With the release of yet more data showing Windows 8’s dismal performance in the marketplace, we have to ask: Is Windows 8 failing to gain traction because it sucks, or because there’s no demand for it?
That is a key question that must be on the minds of the execs at Microsoft right now, but it’s a question that may also impact anyone else who makes software on a timed version release scheduled these days.
First, the numbers from NetMarketshare. Looking at the Desktop Operating System Marketshare for May, Windows 8 is fourth on the rankings list, its 4.27% market share coming in behind Windows 7 (44.85%), Windows XP (37.74%) and Windows Vista (4.51%). While Windows 8 is outperforming each of the individual versions of Mac OS X, there are still far fewer Windows 8 machines in the world than any given OS X machine (7.06% combined).
Given that we are just past the seven-month mark for the official release of Windows 8, you’d normally think that Windows 8 would have passed at least one the previous three versions of Windows by now. But here it is, still behind Vista, the much maligned version of Windows that debuted more than six years ago, in November 2006.
It would be very easy to point fingers at the Windows development team and place the blame on the radical redesign of the Windows 8 interface as the cause of the problem. But that may be too much of a generalization.
A larger cause for the new operating system’s failure to gain traction in the marketplace may lie in an unexpected reason: people are happy with what they have. This satisfaction lies in two categories: the Windows software they have is stable enough to support the apps they are using and the hardware they are using is powerful enough to run the OS and apps they are using.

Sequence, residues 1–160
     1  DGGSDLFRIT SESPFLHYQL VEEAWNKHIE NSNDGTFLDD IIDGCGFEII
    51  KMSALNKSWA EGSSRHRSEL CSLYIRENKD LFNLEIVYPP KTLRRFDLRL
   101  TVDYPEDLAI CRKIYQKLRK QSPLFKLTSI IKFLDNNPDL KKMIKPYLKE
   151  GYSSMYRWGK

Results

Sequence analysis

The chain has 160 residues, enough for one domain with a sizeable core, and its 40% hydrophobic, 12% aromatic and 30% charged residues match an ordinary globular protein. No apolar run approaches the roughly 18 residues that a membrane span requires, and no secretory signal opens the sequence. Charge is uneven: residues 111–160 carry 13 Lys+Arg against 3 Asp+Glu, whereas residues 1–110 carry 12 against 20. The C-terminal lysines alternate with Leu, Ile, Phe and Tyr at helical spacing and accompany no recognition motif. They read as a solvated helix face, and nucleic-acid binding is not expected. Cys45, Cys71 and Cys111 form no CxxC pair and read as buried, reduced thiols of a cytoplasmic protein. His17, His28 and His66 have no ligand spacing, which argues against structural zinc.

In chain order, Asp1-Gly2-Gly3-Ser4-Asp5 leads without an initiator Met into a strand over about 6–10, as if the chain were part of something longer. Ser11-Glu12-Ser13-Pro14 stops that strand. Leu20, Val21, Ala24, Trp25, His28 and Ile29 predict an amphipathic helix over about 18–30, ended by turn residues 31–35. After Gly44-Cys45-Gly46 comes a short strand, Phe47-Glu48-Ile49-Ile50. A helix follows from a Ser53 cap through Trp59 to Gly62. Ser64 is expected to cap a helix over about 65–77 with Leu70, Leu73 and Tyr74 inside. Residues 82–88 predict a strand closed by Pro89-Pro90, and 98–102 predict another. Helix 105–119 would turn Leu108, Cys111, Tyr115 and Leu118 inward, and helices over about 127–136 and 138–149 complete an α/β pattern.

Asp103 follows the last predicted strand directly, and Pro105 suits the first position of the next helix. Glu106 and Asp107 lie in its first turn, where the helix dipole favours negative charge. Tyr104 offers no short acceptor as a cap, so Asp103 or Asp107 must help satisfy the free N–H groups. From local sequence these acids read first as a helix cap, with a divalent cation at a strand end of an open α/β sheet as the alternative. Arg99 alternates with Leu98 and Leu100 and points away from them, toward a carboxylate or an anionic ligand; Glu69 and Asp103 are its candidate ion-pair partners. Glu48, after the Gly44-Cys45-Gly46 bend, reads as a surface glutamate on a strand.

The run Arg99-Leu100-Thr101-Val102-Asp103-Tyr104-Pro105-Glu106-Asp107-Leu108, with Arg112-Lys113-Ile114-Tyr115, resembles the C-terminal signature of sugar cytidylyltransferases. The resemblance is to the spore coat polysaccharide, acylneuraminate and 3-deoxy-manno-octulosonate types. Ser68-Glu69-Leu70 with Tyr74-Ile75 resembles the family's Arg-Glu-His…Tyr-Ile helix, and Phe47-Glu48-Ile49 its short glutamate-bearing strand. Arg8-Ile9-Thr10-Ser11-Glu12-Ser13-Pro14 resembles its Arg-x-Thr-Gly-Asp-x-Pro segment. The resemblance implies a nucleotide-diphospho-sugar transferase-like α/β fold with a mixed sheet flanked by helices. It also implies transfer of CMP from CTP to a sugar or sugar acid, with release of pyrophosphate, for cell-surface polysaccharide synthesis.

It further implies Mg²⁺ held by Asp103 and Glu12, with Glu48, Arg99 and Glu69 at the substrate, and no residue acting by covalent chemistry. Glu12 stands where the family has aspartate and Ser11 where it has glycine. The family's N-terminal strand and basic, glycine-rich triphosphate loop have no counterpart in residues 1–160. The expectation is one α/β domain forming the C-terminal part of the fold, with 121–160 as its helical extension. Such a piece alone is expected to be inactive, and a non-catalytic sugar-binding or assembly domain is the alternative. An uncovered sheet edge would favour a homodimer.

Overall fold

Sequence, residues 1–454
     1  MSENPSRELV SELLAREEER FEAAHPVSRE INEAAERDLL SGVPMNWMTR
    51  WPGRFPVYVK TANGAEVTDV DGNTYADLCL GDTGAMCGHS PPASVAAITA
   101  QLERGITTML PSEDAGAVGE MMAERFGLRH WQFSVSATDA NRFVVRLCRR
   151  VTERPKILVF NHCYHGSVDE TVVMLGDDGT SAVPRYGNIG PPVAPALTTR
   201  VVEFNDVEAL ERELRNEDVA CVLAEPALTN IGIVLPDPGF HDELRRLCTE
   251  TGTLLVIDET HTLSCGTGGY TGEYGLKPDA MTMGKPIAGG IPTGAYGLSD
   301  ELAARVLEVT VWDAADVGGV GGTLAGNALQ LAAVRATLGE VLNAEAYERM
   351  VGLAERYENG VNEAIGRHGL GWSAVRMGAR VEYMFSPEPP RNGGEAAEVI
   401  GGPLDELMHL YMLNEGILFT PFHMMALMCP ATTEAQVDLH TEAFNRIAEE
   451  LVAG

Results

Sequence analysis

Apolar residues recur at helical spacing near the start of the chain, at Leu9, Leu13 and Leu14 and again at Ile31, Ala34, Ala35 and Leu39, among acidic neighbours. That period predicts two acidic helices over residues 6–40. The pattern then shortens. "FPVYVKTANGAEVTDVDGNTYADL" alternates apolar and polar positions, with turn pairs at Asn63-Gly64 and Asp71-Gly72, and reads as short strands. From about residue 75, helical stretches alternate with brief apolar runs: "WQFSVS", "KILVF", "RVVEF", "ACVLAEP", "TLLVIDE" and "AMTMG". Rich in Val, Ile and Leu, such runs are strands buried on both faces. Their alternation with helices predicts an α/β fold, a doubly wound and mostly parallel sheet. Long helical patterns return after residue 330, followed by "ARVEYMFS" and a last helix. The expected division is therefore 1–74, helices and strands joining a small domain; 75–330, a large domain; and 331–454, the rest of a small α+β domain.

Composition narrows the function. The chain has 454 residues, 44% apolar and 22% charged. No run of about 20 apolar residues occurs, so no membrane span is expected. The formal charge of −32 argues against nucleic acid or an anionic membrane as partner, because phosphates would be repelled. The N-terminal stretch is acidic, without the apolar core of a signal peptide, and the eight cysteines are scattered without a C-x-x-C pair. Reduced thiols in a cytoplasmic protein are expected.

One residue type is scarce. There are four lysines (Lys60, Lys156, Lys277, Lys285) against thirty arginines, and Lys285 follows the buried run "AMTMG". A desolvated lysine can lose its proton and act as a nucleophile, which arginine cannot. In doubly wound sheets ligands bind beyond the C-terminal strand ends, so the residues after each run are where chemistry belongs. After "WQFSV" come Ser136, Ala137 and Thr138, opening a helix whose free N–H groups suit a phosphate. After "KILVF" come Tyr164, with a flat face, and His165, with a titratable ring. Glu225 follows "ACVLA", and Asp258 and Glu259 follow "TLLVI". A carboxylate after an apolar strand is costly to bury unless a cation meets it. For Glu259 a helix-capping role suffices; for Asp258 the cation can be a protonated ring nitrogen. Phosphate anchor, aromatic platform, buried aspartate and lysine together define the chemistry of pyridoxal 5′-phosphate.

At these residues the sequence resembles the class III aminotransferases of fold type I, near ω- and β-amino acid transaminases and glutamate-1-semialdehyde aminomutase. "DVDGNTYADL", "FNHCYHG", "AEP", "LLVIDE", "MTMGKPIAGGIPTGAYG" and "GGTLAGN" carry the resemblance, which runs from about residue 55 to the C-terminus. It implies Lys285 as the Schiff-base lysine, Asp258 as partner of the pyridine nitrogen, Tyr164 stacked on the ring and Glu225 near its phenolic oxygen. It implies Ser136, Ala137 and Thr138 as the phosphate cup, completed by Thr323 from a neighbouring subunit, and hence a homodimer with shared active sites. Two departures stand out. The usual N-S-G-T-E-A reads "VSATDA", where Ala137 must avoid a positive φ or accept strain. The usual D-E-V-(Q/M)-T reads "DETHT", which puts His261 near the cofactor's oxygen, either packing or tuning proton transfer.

Since fewer PCs are being upgraded, Windows 8 preload have fewer opportunities to enter the market.
This situation may resonate with ReadWrite users, some of whom cited this slow down in hardware upgrading as one of the reasons PC sales are slowing down, even as tablet sales accelerate.
After years of new application upgrades forcing users to upgrade their machines if they wanted their new software to run faster than a crawl, web-based apps like Gmail and social network platforms like Facebook have disrupted the hardware/software upgrade cycle.
Feature saturation on local applications like office suites played a contributing factor, too. If my business communications and finances can be handled quite well with Office 2007, why upgrade and deal with the pain of retraining?
Given such a situation, Windows 8 may have really never stood a chance for massive blockbuster release numbers. The market is too crowded with, ironically, other Windows installs that are doing the jobs they need to do well enough. Microsoft also faces a similar problem of entrenchment in the mobile sector, though with iOS and Android standing in the way.
Eventually, Windows 8 will be the market leader. Entropy will see to that, as PCs and laptops break down and need to be replaced. But by that time, it may be Windows 9 or even 10 that will be standing in line, waiting for their turn as number one in the PC marketplace.